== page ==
Too often, human beings interpret new developments through the prism of the status quo. A revolutionary new technology, for example, is first viewed in terms of how it can solve existing problems before its potential to remake life as we know it becomes evident.
More often than not, issues that once seemed intractable aren’t so much solved as they are made obsolete. The new paradigm, in turn, generates its own set of challenges, which leads to even newer technologies, and the cycle continues.
Not all developments are as revolutionary as the cloud, mind you, but in today’s data environment there is no better example of this dynamic at work. As today’s enterprise works to leverage the cloud to expand its own data center footprint and feature set, the fact remains that the cloud is already spurring the rise of an entirely new class of data center – a nimble, dynamic entity that owes little or no allegiance to the data environments of the past and could very well emerge as the new standard for data infrastructure within a very short time.
The idea of the cloud-facing data center isn’t exactly new, but it is only recently that products and systems development is starting to focus directly on this emerging market. As Parallels CTO James Bottomley pointed out recently, applications function differently in the cloud than in traditional enterprise environments, which is why the company is pursuing its container strategy to more effectively leverage the highly virtualized infrastructure that permeates the cloud. In this way, the cloud operator can more effectively apply security, availability and other facets to applications directly while still meeting the demands of multitenancy and high VM density.
Storage architectures are starting to gravitate toward the unique requirements of the cloud as well, says MTM Technologies’ Bill Kleyman. Cloud-facing data centers must serve more applications and users than traditional facilities, and indeed are tasked with larger and more diverse workloads overall, so it is no wonder that many are implementing cutting-edge storage technologies at a rapid pace. These include solid-state drives, unified computing architectures, and vast amounts of replication, deduplication and other technologies, all aimed at driving efficiency without compromising availability and reliability. Of course, this is made easier by the fact that data services are the profit engine for the cloud provider rather than the cost center, which makes infrastructure investment that much easier.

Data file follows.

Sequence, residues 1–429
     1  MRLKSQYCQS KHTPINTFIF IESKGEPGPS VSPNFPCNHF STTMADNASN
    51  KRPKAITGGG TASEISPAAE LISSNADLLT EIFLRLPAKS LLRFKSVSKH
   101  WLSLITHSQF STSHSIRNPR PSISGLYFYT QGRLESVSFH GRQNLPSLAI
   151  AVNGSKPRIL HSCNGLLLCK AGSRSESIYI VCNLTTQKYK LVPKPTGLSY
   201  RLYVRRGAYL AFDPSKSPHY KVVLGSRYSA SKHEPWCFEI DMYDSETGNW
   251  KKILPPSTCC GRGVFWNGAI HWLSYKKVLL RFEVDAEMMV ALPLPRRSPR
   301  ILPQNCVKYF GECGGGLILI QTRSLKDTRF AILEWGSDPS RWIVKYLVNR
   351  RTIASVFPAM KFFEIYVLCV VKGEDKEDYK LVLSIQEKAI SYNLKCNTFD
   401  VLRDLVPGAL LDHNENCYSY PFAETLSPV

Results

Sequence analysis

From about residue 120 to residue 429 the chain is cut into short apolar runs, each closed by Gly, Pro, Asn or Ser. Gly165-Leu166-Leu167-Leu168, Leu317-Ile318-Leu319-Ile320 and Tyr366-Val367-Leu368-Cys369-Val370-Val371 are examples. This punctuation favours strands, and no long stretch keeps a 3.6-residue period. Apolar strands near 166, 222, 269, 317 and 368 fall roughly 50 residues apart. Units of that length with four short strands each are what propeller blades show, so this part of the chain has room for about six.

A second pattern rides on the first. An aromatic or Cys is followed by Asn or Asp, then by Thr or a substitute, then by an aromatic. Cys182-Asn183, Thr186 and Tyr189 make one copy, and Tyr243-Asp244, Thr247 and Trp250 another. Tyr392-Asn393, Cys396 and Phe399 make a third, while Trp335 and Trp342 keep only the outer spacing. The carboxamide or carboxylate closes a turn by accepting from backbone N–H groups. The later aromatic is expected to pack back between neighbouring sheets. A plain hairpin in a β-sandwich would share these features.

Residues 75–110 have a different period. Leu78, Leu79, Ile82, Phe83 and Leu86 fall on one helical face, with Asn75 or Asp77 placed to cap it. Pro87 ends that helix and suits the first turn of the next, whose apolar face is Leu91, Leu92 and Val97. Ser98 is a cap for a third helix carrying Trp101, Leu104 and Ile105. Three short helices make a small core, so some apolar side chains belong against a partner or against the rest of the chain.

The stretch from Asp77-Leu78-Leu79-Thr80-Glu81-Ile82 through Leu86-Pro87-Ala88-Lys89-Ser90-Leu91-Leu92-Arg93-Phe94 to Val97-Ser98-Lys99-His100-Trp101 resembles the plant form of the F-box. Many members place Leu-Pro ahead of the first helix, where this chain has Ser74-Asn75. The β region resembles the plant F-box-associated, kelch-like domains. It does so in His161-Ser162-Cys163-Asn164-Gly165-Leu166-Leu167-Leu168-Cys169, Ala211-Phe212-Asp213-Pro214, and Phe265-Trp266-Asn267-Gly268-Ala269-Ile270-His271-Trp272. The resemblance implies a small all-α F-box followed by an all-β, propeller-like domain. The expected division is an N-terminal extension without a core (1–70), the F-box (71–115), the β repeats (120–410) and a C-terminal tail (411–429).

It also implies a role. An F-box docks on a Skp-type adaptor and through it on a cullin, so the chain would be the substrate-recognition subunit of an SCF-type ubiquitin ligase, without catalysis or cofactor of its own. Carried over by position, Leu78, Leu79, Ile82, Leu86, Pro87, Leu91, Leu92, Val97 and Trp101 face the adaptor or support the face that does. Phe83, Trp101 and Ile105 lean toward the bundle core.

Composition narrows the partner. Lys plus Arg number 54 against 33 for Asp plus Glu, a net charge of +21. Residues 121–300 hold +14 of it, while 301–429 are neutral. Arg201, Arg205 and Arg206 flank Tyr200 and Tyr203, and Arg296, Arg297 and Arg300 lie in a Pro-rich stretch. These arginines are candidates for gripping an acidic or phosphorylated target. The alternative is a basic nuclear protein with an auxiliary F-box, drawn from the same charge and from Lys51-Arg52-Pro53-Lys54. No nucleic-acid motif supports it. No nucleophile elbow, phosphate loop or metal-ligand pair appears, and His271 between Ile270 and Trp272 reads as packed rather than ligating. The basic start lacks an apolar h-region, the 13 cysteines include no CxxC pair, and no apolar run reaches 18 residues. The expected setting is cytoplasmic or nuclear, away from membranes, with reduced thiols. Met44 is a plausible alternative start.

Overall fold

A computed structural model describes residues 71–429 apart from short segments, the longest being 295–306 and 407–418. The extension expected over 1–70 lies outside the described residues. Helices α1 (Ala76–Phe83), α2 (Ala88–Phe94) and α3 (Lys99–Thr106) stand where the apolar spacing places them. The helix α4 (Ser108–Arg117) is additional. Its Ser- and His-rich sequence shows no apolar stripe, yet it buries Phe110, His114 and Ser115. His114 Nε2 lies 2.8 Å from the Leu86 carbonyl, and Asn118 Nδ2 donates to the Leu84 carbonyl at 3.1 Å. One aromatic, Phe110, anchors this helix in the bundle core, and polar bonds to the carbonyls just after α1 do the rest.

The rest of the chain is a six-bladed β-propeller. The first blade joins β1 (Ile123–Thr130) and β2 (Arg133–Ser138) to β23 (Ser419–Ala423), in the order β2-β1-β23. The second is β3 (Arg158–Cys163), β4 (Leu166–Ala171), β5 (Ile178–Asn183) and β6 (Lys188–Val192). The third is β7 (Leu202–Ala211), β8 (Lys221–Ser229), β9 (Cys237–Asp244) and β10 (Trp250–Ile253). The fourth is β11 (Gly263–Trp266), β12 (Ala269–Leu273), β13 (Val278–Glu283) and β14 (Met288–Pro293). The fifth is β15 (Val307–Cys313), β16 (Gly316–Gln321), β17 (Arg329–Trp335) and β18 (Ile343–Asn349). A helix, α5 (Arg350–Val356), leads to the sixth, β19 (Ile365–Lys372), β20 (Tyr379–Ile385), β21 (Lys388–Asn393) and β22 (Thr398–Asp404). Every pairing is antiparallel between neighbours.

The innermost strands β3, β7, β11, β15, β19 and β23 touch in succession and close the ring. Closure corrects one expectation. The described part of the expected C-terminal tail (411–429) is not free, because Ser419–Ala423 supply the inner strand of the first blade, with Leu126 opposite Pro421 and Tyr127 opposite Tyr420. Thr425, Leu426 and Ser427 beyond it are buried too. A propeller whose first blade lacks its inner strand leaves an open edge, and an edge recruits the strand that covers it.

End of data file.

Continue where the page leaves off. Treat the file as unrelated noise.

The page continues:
It would also be a mistake to think that the new cloud data center is destined to simply provide general-purpose infrastructure to those who need a boost. On the contrary, many providers are developing tailored environments for key vertical markets, particularly ones that have higher data loads than most. A prime example is the film and video industry, which has grown exponentially in terms of storage, networking and processing requirements in recent years. When you’re talking 800,000 TB of new content generated per year, it’s small wonder that companies like Cisco and VMware are actively pursuing rich media platforms for cloud distribution.
In most cases, cloud providers will target specific verticals on the virtual layer or above, devising various IaaS, PaaS and SaaS offerings to key clients. However, IBM is going a step further with a new line of Power Systems platforms that combine hardware and software components to accommodate top industries like health care and retail. The packages provide tools like predictive analytics, scoring and optimization functions to enable turnkey deployments in either public or private cloud environments.
All of these technologies will certainly find their way into public, private and hybrid clouds, which means today’s enterprise has just as much at stake in their development as the growing cloud hosting industry. But as traditional data centers become more cloud-like, expect the barriers between what is and is not enterprise infrastructure to break down.
Ultimately, it will push today’s struggle for resources off the radar, and the goal posts in IT will move from finding what you need to support business functions to aggregating and managing the wealth of resources at your disposal.
It won’t make life any easier, but it does represent a clean break from the past.